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Wednesday, 24 April 2013

U is for - Using Mind Maps To Brainstorm Ideas

Brainstorming is used to generate ideas. Chances are you've used the technique before in your writing, maybe for a short story, or a novel, or when you've reached a tricky piece in a scene.

An excellent way of finding solutions to problems, it is used to come up with a notion, a spark of an idea, with thoughts that at first might seem a bit crazy, but, often a crazy idea will generate further ideas, the quirkier the better.

Alone or in a group?

You can brainstorm alone, or work in a group with other writers. Interestingly, any ideas brainstormed together, usually buy-in support from everyone, because everyone, has been part of the decision making process. It works rather well when writing scripts, where several writers colaborate on a project. Its a fun way to get everyone working together.

Doing it  alone is better though - I say this because in my experience, what generally happens, is that people are paying far too much attention to what someone else is saying, and they tend to shut up, and don't generate any ideas of their own. To do a good job you have to take part in the process.

What is the process?

For me its mind mapping, a useful technique you can utilise which will help you to improve the way you see information, a way to solve problems creatively. You'll see how things fit together better, all on the same page, instead of a list or notes, which tend not to focus the mind to the task. The mind map format makes it easier for your mind to recall, and review.

How do I get started?

Okay, to get started, find somewhere quiet to sit and relax, get comfortable, find a pen and a sheet of paper. Write a word down in the centre of the sheet of paper, our word is MURDER for this example.

Now draw a circle around it. Next you need to add some important sub headings. Draw a line outwards from your word in the circle, and write down your first sub heading in a smaller circle. Repeat the process several times, so that you have several smaller circles extending out around your larger one, and  write a word in each.  You might have words like, VICTIM, MURDER SCENE, WEAPON, MURDERER and DETECTIVE in your circles.

The next step would be to draw out some lines from the smaller circles, so lets take the word VICTIM, and draw out our line, now write the word KATY, and draw a circle around it, then draw out a line from that circle, and write NURSE. Keep repeating the process, working quickly without thinking too deeply about the words at this point. Feel free to write anything down!

Keep free writing for five minutes, or until your page is full. See my example below, a fellow blogger, and passionate lover of mind maps, Catherine Noble  introduced me to an App called SimpleMind which I find useful to use on my phone if I'm out and about, and for the purpose of this blog, but I prefer to write on paper. Its a personal choice.

I hope you'll give mind maps a try, as it really is an excellent tool for brainstorming. Let me know your thoughts?

Mind Map - Maria A Smith

12 comments:

  1. I don't use charts, but my first drafts are a form of this as I include everything I think of and then (hopefully) cut out what doesn't work.

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    1. Isn't it interesting how we all work differently...

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  2. Love this, Maria. Although I was aware of it, have seen it demonstrated at business conferences and have also seen it in Catherine's examples - it isn't something I've ever properly tried myself.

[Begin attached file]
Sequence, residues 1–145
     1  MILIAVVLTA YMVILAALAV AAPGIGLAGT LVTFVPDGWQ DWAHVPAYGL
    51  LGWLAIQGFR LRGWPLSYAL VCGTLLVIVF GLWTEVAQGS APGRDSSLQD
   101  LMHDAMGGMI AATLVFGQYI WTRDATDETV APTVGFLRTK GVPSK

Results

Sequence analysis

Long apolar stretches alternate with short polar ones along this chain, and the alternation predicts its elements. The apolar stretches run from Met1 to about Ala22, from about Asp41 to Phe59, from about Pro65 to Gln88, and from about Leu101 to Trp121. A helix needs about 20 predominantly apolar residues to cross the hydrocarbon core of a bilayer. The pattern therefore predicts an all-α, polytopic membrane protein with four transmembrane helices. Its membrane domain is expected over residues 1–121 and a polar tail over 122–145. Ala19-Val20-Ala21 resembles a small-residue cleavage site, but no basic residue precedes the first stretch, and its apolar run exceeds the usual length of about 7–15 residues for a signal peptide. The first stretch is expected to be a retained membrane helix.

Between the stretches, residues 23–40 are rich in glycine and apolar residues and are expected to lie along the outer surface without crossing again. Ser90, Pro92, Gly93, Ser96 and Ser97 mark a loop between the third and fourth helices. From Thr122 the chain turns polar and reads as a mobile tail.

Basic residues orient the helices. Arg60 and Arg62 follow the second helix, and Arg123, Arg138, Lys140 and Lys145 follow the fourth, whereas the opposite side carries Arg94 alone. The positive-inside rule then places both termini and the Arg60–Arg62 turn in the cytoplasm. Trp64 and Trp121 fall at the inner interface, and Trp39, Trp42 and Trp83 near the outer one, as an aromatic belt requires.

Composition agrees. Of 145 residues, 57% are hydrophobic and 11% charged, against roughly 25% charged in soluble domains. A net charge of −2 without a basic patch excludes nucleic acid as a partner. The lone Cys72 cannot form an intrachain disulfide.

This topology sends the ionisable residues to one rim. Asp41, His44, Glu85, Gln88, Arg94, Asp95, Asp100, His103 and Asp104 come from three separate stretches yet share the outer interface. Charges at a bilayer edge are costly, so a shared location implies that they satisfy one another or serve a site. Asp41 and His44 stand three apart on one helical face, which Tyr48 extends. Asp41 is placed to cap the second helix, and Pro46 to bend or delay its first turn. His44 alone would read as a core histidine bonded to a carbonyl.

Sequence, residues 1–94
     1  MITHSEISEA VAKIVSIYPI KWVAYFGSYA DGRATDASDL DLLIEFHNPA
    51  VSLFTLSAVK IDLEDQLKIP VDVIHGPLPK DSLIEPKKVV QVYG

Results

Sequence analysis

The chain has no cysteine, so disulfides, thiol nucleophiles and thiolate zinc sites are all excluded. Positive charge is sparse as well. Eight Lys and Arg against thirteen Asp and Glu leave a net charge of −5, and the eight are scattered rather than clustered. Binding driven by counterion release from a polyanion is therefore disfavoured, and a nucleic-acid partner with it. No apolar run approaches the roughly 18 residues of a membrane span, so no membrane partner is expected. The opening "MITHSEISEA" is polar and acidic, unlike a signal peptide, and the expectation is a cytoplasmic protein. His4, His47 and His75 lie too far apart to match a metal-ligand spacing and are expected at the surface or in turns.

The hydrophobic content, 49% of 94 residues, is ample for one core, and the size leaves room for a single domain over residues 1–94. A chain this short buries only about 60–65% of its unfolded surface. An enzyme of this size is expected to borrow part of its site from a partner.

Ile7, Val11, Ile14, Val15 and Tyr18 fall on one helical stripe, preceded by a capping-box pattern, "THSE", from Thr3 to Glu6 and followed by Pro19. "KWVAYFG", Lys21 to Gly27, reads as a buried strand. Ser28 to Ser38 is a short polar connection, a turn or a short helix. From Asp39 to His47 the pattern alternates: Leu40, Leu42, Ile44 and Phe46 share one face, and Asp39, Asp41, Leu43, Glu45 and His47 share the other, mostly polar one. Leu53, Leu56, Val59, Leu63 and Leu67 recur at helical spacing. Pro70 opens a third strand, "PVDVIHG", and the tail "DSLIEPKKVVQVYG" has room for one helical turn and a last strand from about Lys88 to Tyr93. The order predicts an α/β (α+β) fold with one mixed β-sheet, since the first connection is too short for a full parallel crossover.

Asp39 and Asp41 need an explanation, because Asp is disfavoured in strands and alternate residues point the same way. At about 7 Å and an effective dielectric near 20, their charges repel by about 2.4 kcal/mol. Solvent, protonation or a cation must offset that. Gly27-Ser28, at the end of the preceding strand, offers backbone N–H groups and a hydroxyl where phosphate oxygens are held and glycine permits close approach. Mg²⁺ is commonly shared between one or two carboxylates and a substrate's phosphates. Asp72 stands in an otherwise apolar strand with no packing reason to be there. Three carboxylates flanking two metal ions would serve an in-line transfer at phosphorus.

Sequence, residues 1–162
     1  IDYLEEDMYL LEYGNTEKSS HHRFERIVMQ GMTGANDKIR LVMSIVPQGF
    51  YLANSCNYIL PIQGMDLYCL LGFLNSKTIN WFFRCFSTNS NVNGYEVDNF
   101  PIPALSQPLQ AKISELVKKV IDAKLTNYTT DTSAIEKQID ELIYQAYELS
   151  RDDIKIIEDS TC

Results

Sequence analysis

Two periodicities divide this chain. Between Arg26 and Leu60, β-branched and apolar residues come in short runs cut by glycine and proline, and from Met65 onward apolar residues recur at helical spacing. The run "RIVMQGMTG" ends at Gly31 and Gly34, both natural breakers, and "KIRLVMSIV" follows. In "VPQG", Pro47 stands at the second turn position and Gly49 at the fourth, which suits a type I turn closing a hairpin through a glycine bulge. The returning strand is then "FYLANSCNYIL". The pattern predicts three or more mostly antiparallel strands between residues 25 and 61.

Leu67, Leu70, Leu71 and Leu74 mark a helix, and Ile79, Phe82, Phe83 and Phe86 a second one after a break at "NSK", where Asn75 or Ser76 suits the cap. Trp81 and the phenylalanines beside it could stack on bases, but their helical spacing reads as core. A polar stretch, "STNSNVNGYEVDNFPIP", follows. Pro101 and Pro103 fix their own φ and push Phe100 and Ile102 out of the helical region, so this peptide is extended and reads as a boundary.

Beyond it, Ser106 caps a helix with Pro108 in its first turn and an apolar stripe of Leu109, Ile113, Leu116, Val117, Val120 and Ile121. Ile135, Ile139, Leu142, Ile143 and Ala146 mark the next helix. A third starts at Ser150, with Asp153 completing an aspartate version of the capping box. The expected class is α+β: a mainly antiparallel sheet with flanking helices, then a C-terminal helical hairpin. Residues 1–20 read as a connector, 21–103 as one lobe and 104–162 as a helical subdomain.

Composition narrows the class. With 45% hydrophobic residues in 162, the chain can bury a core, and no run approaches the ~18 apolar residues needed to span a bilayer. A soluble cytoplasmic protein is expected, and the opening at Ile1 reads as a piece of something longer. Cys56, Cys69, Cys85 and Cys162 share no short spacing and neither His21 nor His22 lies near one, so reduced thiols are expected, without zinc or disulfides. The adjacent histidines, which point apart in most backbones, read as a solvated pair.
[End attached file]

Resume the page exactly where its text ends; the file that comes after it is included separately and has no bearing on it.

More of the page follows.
You sold it to me by mentioning the app, too - I'm a sucker for a good writing app! I will definitely try this next time I am planning or stuck with something.

    Kelly's Eye - Writing, Music, Life

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    1. I've only recently downloaded the app, but have been doing mind maps for a long long time. I love them!

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  3. Oooh, I especially love the "single mother - daughter aged five" and scrabble tiles. They really bring a story to life! I'm glad you like the app, it makes me feel more productive than spending all day on Pinterest (which I do also...).

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    1. Oh Catherine you are productive I'm sure...and thank you for introducing me to the app too!

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  4. I did something similar when I was plotting my novel, but I usually make notes of ideas for stories in the notebook of the moment just as they come to mind. I let them work together in there for a while, before sitting at the laptop and writing the draft copy. I'll have a look now at mind maps for short stories as they sound a good focus, thanks Maria.

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    1. Hi Sharon, its worth trying out...and fun too!

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  5. We used to have to brain storm with kids at school, more inspiring was doing this process with writing groups. I find it's always more inspiring in groups than alone.

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    1. I had fun doing this with a group in a workshop the other week - they came up with some great ideas for a thriller, and had a good laugh working together.

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  6. Love mind maps and use them all the time. Can't help myself! Mine will usually be hand drawn in cloudlike bubbles. Love that we can have a *serious* conversation about this. Tee hee..

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    1. Of course we can...I have however encountered a few folk who find it difficult to take them seriously as a good tool to find story ideas.

      We know better though don't we...

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